Dogs can use smiling as a way to both show their pleasure with something or to calm a situation that they feel may be getting out of control. You might notice this behavior, for example, if you are talking to your dog in a positive tone, or they know they are about to do something they love, like going for a walk. Dogs might also use a submissive grin when they feel a situation may start turning bad in hopes of diffusing it.

  • Stress – The same submissive grin that dogs can sometimes use to show their pleasure can also be associated with stress. Many veterinarians consider this much more common than smiling to show their pleasure. 

It isn’t easy to distinguish a smile from stress-induced teeth baring, as they often come with the same types of body language. What might differentiate the two is a more submissive posture like ducking or lowering their head, as well as your dog licking their lips.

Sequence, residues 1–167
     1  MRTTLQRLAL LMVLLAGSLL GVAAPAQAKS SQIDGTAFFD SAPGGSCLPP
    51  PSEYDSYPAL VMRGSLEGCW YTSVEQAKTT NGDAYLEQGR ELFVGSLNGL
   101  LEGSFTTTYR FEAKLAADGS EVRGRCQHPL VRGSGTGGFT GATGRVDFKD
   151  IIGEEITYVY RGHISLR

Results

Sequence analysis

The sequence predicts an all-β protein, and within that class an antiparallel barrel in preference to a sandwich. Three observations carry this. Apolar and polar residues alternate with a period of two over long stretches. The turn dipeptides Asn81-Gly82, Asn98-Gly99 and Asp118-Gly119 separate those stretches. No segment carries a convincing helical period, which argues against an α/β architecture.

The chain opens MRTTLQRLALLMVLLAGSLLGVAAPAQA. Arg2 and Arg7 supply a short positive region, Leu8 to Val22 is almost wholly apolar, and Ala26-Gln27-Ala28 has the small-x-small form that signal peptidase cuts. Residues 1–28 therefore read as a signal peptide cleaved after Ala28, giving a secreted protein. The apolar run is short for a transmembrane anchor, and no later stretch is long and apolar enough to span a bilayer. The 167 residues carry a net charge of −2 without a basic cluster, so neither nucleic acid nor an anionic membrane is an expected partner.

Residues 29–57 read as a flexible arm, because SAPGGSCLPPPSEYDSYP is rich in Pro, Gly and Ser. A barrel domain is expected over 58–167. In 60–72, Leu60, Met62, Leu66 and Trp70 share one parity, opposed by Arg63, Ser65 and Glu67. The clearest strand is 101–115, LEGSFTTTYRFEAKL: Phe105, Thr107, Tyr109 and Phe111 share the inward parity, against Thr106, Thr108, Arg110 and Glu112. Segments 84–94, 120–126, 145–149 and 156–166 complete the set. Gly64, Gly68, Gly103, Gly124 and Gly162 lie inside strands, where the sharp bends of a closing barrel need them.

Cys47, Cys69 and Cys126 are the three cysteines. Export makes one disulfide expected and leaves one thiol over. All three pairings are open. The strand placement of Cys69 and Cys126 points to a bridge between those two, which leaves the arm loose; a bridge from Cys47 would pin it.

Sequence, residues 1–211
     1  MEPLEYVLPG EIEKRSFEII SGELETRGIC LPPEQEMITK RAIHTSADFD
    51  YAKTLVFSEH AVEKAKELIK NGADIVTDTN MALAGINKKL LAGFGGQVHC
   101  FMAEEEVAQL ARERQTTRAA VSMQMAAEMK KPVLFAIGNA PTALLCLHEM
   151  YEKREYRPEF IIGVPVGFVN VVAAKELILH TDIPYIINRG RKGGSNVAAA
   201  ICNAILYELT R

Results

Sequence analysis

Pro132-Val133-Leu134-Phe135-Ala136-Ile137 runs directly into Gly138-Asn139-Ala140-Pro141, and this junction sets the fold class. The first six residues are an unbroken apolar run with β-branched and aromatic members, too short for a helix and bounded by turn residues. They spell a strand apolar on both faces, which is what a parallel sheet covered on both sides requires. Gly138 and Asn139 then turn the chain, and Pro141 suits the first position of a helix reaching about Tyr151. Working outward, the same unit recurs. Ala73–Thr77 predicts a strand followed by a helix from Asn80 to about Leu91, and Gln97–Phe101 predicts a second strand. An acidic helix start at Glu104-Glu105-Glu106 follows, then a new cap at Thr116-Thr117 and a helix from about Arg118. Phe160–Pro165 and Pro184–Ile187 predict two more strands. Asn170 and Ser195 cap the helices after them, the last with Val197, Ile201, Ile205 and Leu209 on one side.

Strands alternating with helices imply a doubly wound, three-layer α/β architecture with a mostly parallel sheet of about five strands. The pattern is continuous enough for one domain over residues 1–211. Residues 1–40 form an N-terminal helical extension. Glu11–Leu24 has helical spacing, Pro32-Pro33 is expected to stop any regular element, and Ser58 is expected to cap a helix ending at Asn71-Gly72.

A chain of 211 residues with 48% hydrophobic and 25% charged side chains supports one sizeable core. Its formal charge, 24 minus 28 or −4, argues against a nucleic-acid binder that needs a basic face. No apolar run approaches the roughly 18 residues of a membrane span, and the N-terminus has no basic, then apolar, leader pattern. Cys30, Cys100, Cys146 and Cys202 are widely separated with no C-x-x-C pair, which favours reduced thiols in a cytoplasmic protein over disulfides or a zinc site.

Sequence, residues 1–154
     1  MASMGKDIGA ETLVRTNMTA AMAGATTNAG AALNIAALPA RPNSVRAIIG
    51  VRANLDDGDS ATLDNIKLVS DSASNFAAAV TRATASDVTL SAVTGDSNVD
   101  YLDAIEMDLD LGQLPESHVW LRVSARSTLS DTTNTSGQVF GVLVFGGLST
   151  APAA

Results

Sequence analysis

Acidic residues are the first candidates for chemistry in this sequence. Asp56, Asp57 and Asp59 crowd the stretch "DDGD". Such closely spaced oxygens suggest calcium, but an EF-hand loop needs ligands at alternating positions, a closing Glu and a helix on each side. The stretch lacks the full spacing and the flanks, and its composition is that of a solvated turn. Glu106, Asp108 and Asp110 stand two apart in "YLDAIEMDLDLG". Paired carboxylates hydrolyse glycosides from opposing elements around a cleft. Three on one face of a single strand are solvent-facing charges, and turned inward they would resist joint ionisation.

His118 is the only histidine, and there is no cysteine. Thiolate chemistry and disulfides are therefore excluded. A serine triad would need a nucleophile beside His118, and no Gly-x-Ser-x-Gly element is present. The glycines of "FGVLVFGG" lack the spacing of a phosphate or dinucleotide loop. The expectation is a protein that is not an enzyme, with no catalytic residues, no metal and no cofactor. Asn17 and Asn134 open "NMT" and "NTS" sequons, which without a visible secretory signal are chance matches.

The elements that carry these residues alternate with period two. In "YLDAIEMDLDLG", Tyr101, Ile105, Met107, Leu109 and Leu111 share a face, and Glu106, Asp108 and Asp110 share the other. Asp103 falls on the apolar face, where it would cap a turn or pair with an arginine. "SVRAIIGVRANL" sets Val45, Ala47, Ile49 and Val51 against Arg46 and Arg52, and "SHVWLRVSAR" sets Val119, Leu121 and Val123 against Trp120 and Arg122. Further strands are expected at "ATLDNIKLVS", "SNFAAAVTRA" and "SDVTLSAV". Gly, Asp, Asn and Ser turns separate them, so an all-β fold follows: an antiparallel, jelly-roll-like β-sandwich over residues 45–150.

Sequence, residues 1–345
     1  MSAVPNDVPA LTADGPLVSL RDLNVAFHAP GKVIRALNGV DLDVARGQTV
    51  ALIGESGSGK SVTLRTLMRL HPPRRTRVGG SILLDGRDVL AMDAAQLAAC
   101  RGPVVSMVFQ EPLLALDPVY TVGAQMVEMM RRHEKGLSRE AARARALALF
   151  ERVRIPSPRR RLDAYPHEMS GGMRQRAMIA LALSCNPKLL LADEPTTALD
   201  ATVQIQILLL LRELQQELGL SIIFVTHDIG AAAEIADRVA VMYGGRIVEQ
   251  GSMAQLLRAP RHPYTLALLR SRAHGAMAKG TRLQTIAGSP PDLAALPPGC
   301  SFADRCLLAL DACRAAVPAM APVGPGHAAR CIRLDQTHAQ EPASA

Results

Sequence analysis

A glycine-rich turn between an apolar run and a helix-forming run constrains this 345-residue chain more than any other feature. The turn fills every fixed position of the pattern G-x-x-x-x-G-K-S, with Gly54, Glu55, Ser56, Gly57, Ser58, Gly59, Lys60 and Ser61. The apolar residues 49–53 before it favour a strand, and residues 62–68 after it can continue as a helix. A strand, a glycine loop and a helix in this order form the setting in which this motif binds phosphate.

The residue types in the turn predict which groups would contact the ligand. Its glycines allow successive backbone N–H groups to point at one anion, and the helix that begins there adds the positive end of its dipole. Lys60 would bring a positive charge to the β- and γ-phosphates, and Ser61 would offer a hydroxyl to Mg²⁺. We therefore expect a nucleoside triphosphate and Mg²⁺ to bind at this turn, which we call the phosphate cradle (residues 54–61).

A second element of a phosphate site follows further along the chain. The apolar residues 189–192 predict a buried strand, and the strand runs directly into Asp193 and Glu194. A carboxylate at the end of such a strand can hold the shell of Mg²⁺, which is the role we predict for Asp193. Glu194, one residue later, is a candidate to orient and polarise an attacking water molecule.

If your dog has a history of stress, then there is a good chance that this is why they are baring their teeth. If you happen to notice an averted gaze or lip licking combined with a visible tooth or teeth, try and remove what may be the trigger and see if your dog stops. If they do, not only have you found that they are stressed, but you have discovered the stressor and can then avoid it in the future.

  • Displeasure – Just like they can use their teeth to show their pleasure, dogs will also show teeth as a sign of displeasure. It’s not necessarily a sign of aggression, but instead, a sign that they are not particularly happy with the situation.